Fasting Mimicking Diet isthe latest fasting program to catch the attention of the health community because it allows one to reap the benefits of a 5-day water fast without having to give up food! The Fasting Mimicking Diet is based on prolonged water fasting, which is typically done for 5 consecutive days, and tricks the body into thinking it’s fasting because the carefully designed calories and nutrients of the foods do not trigger nutrient-sensing pathways.  Water-only prolonged fasting enhances a natural cellular clean-up process, called autophagy, which can promote metabolic health; however, it has a high dropout rate among participants and it can be dangerous because it deprives the body of macronutrients, leads to muscle wasting and increases the risk of gallstones. This led Dr. Valter Longo, a longevity expert at USC to develop this “fasting with food” concept. This plan gives you the same health benefits of prolonged water fasting, but allows you to eat!  The stomach sees food, while the cells see fasting. The benefits are so profound that TIME magazine named Longo as one of the 50 most influential people who are transforming health care. Benefits of fasting with FMD include protection of lean body mass, maintaining healthy levels of metabolic markers and increased circulation of stem cells. The only Fasting Mimicking Diet available is called ProLon (, which has been clinically shown to result in significant fat loss without losing lean body mass in the process.  The best part is that everything you need to eat for the 5-day fast comes in mail, in a box and is plant-based. 

While the media does a great job of selling you more and more protein, the truth is that we need to eat more plant-based for health.  This is why I recommend adopting a Flexitarian eating pattern: mostly plant-based with small amounts of animal-sourced protein.  Be good to yourself, be good to your body and have a better relationship with food!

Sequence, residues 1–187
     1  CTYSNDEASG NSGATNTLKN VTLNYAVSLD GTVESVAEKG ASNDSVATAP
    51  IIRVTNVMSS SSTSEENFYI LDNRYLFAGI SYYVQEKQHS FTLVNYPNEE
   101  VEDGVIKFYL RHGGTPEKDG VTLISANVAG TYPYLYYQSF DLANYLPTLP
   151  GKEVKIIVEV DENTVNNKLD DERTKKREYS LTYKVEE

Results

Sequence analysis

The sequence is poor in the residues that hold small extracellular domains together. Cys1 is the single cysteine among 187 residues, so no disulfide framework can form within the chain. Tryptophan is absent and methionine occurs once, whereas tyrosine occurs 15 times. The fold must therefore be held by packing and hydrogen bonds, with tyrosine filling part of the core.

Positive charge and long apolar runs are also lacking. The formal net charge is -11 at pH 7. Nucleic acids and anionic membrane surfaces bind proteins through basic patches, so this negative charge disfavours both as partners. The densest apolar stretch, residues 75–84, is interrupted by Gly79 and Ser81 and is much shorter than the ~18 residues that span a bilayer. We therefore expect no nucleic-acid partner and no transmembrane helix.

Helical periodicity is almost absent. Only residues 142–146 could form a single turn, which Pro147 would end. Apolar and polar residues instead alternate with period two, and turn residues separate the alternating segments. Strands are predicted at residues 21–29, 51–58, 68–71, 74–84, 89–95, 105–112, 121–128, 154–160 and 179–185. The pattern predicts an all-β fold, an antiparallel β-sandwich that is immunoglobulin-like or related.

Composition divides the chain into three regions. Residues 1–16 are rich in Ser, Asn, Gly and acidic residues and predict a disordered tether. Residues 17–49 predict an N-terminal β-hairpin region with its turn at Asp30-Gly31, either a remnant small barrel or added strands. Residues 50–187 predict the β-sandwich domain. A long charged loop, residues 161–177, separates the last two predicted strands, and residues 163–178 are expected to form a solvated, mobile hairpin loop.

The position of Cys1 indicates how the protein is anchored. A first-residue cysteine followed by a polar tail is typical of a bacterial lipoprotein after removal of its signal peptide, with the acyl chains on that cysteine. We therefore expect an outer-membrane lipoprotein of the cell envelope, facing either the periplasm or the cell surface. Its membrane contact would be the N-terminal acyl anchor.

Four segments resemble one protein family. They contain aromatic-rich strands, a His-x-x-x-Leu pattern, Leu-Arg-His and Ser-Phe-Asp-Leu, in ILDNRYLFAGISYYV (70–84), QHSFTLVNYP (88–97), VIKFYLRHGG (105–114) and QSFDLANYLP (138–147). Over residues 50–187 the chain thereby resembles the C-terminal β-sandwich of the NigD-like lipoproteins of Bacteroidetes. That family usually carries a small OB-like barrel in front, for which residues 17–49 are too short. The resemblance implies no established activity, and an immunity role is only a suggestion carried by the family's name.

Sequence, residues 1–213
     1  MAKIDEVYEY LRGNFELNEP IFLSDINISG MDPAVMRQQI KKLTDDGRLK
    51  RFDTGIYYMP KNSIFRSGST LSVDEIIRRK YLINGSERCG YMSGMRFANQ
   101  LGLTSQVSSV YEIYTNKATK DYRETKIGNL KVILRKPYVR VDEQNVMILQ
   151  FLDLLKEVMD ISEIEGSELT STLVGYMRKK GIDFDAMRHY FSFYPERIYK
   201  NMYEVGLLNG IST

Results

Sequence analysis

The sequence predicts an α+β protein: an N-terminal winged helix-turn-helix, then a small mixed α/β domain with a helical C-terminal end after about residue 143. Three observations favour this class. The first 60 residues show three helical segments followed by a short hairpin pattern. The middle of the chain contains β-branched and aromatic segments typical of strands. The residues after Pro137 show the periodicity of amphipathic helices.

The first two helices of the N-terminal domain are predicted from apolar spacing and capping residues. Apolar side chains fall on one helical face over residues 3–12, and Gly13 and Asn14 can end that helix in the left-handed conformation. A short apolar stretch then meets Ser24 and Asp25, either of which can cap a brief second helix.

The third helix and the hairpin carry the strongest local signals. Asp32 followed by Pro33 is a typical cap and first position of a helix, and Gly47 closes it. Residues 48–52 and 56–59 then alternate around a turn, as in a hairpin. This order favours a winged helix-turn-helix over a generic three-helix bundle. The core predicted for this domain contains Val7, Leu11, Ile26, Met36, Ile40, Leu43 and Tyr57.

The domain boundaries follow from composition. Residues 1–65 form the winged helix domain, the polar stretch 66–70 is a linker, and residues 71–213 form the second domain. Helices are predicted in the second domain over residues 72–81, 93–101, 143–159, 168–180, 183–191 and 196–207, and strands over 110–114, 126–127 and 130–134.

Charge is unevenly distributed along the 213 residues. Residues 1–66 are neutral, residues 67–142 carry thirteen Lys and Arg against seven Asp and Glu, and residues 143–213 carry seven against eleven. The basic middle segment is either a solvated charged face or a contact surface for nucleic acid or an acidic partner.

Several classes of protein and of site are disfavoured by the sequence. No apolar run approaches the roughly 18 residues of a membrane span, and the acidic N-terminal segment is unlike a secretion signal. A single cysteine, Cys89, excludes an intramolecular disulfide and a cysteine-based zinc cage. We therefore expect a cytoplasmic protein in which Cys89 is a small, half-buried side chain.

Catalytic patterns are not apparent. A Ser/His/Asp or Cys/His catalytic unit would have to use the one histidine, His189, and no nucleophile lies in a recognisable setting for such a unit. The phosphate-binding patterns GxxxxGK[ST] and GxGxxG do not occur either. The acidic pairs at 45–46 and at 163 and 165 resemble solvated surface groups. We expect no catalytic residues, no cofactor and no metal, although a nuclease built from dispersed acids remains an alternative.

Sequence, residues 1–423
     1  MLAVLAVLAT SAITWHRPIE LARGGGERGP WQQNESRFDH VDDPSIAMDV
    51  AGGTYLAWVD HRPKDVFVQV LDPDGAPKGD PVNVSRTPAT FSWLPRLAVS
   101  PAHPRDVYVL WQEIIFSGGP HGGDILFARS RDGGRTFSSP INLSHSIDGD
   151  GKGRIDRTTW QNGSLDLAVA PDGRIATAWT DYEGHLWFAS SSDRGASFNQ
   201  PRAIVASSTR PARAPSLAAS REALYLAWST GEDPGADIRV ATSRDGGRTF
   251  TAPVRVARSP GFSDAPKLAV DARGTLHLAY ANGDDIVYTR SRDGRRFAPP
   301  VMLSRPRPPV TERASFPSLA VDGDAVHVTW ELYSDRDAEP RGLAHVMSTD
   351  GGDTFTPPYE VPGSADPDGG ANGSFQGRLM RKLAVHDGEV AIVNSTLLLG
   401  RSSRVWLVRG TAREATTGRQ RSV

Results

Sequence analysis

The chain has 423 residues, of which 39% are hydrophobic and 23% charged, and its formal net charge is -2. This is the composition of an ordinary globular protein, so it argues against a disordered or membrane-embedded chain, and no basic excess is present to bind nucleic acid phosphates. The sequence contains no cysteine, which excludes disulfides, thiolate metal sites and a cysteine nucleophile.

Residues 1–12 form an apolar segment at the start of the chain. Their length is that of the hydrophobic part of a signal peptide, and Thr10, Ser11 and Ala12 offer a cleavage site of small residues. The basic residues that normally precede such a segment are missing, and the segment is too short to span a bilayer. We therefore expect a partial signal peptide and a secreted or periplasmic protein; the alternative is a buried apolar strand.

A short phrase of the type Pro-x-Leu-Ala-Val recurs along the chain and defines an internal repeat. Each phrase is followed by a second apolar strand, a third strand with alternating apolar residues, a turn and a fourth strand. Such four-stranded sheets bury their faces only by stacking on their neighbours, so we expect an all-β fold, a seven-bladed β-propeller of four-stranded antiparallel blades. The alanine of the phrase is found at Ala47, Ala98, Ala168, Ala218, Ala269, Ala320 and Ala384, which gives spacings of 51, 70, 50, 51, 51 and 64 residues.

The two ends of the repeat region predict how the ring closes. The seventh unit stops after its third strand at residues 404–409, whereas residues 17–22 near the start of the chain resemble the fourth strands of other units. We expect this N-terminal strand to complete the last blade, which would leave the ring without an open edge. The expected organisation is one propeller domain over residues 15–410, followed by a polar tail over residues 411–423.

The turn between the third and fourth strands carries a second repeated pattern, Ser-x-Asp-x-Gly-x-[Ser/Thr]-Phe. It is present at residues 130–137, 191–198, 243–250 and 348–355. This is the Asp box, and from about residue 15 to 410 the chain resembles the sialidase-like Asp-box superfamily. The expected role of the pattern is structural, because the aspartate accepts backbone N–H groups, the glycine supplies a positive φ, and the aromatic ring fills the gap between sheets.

Photo by Oliver Sjöström on Unsplash

Felicia Stoler

View posts by Felicia Stoler
Felicia Stoler, DCN, MS, RDN, FACSM, FAND, known as America's Health & Wellness Expert™ is a registered dietitian nutritionist, exercise physiologist and expert consultant in disease prevention, wellness and healthful living. She is Board Certified in Lifestyle Medicine and is a Diplomate of the ABLM/ACLM. Stoler earned her Master of Science degree in Applied Physiology and Nutrition from Columbia University and her Doctorate in Clinical Nutrition from Rutgers School of Health Professions. She completed her residencies at Rutgers University Athletics and ABC News Medical Unit. She has served as a part-time lecturer at Rutgers University where she teaches exercise physiology, nutrition and communications courses. Stoler has extensive media experience and hosted the second season of TLC's groundbreaking series, “Honey, We're Killing the Kids!” which targeted unhealthy lifestyles of families, across the country, in an effort to motivate them to make positive changes. She is the author of, “Living Skinny in Fat Genes™: The Healthy Way to Lose Weight and Feel Great” (Pegasus, 2010), featured as a “must have” book in USA Weekend. Stoler authored the American College of Sports Medicine’s “Current Comment on Childhood Obesity.”